As key climate talks in Bali draw to a close, Xie Zhenhua, the head of the Chinese delegation, is direct about the country’s position on climate change. If rich countries fulfill their obligations, says Xie, in areas such as climate-change mitigation, adaptation, technology transfer and financing the transition to a low-carbon economy, China will take efforts to slow its increasing greenhouse-gas emissions.
“Developing countries need to seek a balance between economic development and protecting the climate,” Xie, deputy director of China’s top economic planning body, the National Development and Reform Commission, told chinadialogue. “We cannot continue a development mode without any restriction on emissions.”
But Xie expressed disappointment that developed countries had so far failed to meet Kyoto requirements on reducing greenhouse-gas emissions by a collective average of 5.2% below 1990 levels. For EU member states, he said, this would correspond to some 15% below their expected greenhouse-gas emissions in 2008.
He also urged delegates to support the EU-backed proposal that industrialised countries should agree to cut emissions by 25% to 40% below 1990 levels by 2020.
“Common but differentiated responsibilities”
The principle of “common but differentiated responsibilities” should be strictly followed in the negotiations, Xie stressed, saying some delegates to the conference had pushed for the two-track approach first adopted at the 2005 climate talks in Montreal.
“This means they require the United States, China and India to accept a quantified binding target. But this is impossible for China, because different countries should have varied responsibilities according to their history, development and per capita greenhouse-gas emissions.”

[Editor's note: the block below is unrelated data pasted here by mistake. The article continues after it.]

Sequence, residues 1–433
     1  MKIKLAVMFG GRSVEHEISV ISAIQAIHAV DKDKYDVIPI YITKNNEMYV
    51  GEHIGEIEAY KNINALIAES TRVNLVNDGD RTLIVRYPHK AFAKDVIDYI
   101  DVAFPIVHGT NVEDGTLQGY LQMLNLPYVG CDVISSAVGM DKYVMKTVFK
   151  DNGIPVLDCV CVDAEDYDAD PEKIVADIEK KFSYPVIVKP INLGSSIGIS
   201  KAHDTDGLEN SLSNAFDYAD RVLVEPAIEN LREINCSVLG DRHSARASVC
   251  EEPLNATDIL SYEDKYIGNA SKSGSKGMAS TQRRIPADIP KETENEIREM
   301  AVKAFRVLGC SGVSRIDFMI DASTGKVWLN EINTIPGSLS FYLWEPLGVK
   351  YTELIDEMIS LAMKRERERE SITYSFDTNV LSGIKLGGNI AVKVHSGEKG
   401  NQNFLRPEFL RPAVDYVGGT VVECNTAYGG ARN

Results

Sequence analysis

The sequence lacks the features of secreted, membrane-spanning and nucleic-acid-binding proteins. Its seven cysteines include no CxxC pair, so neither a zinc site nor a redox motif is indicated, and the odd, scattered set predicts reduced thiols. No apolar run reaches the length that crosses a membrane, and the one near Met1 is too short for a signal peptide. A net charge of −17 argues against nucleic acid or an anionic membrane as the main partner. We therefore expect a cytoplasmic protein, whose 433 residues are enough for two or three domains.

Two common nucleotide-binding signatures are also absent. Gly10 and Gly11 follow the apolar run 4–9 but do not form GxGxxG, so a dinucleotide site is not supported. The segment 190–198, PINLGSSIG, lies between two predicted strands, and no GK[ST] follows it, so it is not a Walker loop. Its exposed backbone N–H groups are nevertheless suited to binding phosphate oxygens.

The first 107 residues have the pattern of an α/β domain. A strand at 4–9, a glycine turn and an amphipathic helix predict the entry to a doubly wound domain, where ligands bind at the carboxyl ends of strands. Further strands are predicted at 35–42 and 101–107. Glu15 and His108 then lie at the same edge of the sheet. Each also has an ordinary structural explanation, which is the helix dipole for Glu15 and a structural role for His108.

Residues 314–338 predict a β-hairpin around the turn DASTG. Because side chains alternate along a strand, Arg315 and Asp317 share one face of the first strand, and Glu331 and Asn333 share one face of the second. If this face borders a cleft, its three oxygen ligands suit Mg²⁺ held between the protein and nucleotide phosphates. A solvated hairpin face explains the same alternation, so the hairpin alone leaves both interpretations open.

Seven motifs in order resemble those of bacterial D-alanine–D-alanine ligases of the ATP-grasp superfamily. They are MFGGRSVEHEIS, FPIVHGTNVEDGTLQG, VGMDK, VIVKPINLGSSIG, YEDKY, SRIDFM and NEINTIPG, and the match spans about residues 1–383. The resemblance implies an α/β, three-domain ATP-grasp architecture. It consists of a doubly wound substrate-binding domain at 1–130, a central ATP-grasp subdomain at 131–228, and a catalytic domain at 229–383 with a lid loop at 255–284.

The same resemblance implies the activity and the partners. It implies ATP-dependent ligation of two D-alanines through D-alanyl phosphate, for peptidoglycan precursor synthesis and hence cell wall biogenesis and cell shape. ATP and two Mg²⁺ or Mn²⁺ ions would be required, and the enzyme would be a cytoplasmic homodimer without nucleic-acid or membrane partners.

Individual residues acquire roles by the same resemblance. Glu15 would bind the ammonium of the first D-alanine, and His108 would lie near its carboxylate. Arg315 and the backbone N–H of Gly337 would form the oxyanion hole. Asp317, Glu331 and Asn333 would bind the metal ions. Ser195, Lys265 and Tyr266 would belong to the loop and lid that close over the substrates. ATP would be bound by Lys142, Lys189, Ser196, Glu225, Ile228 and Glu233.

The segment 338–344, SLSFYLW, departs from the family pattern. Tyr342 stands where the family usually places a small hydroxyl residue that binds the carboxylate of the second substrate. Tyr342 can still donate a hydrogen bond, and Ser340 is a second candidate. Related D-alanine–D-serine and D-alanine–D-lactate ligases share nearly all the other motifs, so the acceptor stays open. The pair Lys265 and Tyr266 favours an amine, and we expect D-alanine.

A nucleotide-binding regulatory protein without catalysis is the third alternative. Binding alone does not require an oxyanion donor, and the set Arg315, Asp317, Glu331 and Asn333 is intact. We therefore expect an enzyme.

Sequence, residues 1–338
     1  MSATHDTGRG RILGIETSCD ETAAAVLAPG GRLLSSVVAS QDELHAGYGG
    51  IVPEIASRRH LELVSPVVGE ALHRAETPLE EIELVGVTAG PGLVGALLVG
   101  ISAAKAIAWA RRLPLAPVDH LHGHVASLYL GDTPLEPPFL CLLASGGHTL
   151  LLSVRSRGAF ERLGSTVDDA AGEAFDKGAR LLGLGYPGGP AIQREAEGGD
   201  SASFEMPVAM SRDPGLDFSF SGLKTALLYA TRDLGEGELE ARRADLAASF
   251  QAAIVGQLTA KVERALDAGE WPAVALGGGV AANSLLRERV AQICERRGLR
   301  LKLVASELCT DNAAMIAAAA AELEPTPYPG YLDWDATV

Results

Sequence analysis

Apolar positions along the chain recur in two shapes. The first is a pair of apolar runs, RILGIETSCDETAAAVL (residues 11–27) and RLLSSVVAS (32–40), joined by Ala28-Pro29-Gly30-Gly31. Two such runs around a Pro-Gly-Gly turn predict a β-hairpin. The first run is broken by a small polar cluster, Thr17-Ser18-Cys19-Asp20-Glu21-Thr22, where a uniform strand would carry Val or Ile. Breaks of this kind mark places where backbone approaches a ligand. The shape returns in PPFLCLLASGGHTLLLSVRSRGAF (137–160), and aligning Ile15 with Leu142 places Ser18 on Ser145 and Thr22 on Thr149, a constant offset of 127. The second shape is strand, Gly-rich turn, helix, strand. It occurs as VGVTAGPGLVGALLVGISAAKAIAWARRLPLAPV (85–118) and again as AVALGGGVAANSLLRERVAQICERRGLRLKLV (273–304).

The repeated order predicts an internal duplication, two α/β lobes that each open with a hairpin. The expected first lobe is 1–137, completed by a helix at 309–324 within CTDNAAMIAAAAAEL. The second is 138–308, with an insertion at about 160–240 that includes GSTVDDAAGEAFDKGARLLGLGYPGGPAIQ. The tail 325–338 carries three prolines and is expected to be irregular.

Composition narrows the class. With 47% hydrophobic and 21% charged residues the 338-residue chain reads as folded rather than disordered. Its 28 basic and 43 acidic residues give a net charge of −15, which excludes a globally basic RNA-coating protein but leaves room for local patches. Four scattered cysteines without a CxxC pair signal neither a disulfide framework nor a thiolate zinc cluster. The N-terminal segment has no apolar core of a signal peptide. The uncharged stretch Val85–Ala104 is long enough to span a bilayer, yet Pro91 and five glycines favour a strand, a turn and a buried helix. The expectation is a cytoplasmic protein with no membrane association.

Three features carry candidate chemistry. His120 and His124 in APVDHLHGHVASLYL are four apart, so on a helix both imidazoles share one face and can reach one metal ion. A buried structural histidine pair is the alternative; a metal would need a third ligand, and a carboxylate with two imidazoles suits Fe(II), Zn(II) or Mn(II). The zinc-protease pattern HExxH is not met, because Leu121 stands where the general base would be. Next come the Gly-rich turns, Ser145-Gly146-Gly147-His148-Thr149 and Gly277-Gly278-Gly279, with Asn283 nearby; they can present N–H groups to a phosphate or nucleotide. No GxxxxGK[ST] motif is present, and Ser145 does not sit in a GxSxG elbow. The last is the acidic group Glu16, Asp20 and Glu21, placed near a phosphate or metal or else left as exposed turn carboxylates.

Many people involved in the process, including Yvo de Boer, the UNFCCC executive secretary, Phil Woolas, UK climate-change minister and Hans JH Verolme, director of WWF’s US climate-change programme, have expressed agreement that China, as a developing country, should not have to accept binding targets.
Xie is also keen to stress China’s own achievements in restructuring the economy and improving energy efficiency.
Energy-saving in China had conserved 800 million tonnes of coal equivalent in the period from 1990 to 2005, said Xie, avoiding 1.8 billion tonnes of carbon dioxide emissions.
China’s eleventh Five-Year Plan set targets to reduce energy consumption per unit of GDP by 20% from 2006 to 2010, he added, which will save 600 million tonnes of coal equivalent and avoid 1.4 billion tonnes of carbon dioxide emissions.
Meanwhile, China is greatly increasing its use of renewable energy. In 2007, China invested 160 billion yuan (US$21.7 billion) in the field.
Yi Shui is chinadialogue’s Beijing branch deputy editor
Yuan Wu is a Chinese journalist